The people at Apple are wizards. How else do they get away with selling everything they do as a reinvention of technology? It’s as uncanny as it is amazing and while you either hate Apple or love them, you can’t help but admire how well they get people to eat out of their hands.
Take their latest device, the iPhone SE, for instance. When Cupertino revealed it, I was blown away because it was the single most brilliant but dumb thing they’ve done.
Apple’s March 2016 Keynote special event was by no means a large event, in fact, it was almost intimate as far as mobile launches go. Many, including us, weren’t expecting too much from them because they don’t usually make big announcements this early in the year.
However, we were still holding out hope for some other kind of mobile accessory like a reinvented pair of VR goggles or a completely innovative 360-camera. Instead, what we got was a hint that Apple may be losing grip on their “world-changing” ways.
All that the most valuable brand in the world had to show for their March Keynote was a smaller iPad Pro, an even smaller iPhone trapped in a body of a three-year-old smartphone and some Watch bands. Has one of the largest tech companies in the world nothing else to show at an internationally broadcasted event but a “new” iPad and iPhone?
It honestly looked a little like Apple were shaken by how good their competitors have gotten and simply told Liam to throw something together out of spare parts. They could have done something as simple as tweak the design of the iPhone SE and it would have made all the difference.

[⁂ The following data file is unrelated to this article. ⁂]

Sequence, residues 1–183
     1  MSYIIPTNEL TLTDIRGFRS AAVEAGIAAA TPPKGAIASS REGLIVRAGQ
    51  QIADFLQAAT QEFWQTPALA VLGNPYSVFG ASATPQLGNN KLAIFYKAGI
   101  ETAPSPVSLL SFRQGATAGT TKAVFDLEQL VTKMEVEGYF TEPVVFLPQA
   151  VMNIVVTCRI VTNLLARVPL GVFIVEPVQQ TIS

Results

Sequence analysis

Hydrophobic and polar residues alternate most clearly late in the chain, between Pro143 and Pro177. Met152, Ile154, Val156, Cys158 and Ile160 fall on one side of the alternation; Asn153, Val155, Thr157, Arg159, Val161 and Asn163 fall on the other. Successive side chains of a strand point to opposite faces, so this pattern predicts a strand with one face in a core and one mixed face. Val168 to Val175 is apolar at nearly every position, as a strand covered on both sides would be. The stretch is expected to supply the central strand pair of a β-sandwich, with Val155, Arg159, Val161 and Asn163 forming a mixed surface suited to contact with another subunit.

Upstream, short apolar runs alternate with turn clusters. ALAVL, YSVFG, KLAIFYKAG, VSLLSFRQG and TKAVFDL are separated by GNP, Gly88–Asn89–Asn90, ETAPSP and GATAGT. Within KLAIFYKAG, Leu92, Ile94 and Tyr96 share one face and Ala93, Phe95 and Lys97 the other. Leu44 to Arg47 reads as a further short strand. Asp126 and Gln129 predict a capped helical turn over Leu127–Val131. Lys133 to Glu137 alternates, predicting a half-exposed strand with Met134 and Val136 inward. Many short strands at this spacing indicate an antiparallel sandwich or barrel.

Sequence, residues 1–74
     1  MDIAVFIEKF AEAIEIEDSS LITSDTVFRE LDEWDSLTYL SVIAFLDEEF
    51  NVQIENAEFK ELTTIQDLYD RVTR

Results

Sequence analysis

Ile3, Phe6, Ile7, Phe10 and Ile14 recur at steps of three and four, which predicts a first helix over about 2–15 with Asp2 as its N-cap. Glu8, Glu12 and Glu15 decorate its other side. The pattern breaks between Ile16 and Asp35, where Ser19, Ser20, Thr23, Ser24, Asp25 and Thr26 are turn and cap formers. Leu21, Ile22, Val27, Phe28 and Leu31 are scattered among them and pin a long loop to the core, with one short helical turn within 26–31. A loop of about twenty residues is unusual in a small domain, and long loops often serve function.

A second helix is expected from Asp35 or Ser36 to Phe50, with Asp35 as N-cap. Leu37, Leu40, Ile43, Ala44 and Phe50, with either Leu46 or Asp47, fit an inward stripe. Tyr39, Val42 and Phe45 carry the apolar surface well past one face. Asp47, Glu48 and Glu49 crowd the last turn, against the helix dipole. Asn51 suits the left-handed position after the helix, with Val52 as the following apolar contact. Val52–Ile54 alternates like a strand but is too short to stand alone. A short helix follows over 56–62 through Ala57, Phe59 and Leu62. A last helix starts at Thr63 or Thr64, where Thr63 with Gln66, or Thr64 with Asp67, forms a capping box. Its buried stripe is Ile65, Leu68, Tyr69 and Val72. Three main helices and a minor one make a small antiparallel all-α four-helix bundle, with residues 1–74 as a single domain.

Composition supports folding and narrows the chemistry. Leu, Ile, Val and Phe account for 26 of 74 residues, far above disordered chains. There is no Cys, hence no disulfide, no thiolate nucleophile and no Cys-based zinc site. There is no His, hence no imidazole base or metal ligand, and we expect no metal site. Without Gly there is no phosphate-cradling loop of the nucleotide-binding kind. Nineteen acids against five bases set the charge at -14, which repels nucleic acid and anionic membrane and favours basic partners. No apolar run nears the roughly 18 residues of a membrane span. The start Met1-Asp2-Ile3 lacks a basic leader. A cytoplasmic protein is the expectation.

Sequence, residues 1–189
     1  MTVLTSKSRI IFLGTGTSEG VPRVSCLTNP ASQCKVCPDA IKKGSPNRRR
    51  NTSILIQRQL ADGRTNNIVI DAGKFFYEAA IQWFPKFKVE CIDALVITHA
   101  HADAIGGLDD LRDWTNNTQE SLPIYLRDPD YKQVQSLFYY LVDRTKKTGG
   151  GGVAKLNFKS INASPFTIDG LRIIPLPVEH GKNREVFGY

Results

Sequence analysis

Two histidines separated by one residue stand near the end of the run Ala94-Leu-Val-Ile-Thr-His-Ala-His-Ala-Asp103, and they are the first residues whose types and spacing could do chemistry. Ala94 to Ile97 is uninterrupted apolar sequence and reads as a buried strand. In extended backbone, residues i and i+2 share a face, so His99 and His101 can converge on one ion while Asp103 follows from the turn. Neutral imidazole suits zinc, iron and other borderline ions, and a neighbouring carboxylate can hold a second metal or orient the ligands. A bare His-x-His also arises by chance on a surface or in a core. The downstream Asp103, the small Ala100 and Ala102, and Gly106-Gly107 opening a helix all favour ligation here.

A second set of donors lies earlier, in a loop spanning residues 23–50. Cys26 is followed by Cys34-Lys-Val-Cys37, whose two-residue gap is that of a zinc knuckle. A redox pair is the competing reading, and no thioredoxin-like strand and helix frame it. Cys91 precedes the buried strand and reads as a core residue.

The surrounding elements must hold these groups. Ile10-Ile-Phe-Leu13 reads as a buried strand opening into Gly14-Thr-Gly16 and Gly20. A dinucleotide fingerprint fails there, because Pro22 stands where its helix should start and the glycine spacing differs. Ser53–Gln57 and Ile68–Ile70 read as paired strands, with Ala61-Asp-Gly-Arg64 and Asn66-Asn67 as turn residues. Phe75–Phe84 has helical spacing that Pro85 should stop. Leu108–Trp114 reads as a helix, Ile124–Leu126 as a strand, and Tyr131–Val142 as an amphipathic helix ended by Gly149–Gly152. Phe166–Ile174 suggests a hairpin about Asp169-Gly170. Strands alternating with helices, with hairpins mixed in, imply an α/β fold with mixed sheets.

Instead, the only way you can tell the iPhone SE apart from the three-year-old 5s is that it weighs 1g more and comes in rose gold. It seems that Apple is resorting to rehashing an old device just to keep up with the competition.
Of course, you could argue: Why fix something that isn’t broken? But that’s not what Apple does. Apple prides themselves with breaking the mould and not only improving existing tech but also “reinventing” it. With the iPhone SE, Apple had instead shown that even they can’t keep innovating.
…but so absolutely brilliant
I say this because none of that matters. The main point of the iPhone SE is that now more people can buy iPhones. With the iPhone SE, not only are loyal customers who have previously hung on to old 4-inch iPhones going to have a viable upgrade, it’s also cheap.
Well, cheap by Apple’s standards. But if you want an iPhone, Apple’s standards are the only standards you need to live by. So, instead of looking at a rehashed smartphone, people see an affordable and small iPhone with flagship-level performance.
It doesn’t matter that it looks exactly like the iPhone 5s, or that it’s probably made using the same stuff. Nor does it matter that Apple had the audacity to put a rudimentary 1.2-megapixel front-facing camera on a 2016 smartphone that costs nearly RM2,000. What matters is that Apple found a need for a small, powerful yet affordable iPhone and are now owning that need.
To be able to do that by simply recycling old parts with a new processor is nothing short of brilliant.